Eyes wide shut: democratic reversals, scientific closure, and the study of politics in Eurasia

J. Paul Goode

Research output: Contribution to journalArticlepeer-review

6 Citations (Scopus)
63 Downloads (Pure)

Abstract

Objectives: The article examines the relationship between democratic reversals and scientific closure. It focuses on the effects that authoritarian and hybrid regimes are likely to have on the ways scholars study them and conduct their fieldwork.

Method: Thematic content analysis of articles on Eurasian politics published over a ten year period, with particular attention paid to reported methods and fieldwork.  

Results: Scientific closure had as much to do with research cycles in the discipline as with democratic reversals. Notions of the region as democratizing persisted into the 2000s as scholars recycled data and conceptual frames from the 1990s. Fieldwork-driven research was more likely to detect autocratization.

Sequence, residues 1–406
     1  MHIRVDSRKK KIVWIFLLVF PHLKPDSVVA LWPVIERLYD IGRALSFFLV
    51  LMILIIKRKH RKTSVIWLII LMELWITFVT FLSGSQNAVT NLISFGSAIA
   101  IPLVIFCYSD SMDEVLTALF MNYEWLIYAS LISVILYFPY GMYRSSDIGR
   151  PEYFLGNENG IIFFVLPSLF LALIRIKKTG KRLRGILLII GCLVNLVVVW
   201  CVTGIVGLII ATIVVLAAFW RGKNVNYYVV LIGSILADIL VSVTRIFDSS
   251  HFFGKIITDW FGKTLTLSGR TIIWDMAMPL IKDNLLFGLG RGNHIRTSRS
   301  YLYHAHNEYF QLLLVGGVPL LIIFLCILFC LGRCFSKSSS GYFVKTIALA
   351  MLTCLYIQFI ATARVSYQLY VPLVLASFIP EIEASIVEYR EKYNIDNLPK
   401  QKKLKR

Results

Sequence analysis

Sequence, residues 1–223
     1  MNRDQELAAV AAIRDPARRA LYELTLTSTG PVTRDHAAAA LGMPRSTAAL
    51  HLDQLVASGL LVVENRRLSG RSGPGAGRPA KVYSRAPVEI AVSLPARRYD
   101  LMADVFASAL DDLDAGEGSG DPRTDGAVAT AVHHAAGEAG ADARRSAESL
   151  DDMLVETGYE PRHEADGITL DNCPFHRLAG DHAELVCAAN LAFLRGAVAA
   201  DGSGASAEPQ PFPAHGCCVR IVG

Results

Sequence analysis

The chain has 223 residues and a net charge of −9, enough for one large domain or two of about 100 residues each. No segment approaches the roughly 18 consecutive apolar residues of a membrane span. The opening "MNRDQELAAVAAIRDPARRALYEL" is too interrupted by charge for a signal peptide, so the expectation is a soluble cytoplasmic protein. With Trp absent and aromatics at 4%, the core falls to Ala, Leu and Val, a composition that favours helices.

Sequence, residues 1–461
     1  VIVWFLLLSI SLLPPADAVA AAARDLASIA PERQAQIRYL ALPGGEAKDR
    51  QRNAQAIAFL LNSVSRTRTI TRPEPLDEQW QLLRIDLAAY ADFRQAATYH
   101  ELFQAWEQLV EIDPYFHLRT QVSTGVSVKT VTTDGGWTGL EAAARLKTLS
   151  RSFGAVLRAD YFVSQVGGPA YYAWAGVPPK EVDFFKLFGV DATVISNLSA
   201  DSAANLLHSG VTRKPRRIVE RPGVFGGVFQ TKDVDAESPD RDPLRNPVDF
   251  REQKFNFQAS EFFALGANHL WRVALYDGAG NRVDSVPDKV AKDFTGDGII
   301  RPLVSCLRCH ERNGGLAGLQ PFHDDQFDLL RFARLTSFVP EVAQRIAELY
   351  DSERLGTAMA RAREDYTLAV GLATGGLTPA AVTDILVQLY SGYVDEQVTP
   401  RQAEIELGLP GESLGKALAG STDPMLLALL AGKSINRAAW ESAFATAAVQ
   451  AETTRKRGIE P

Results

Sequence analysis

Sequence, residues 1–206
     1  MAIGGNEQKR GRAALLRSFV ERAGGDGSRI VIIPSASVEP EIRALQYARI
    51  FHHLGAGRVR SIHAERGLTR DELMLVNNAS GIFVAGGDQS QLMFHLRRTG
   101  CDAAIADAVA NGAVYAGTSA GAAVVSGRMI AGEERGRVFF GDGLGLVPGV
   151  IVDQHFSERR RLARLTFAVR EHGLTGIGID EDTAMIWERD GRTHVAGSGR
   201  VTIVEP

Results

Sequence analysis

Conclusion: While disciplinary consensus re-framed the region as autocratizing, the field remains vulnerable to scientific closure. Aside from the challenges posed by autocracies for fieldwork, the new disciplinary consensus may deter qualitative fieldwork and innovation in studying authoritarianism in Eurasia.
Original languageEnglish
Pages (from-to)876-893
Number of pages18
JournalSocial Science Quarterly
Volume97
Issue number4
Early online date28 Nov 2016
DOIs
Publication statusPublished - 31 Dec 2016

Keywords

  • Comparative politics
  • Methodology
  • authoritarianism
  • Democratisation
  • Eurasia

ASJC Scopus subject areas

  • Political Science and International Relations
  • Sociology and Political Science

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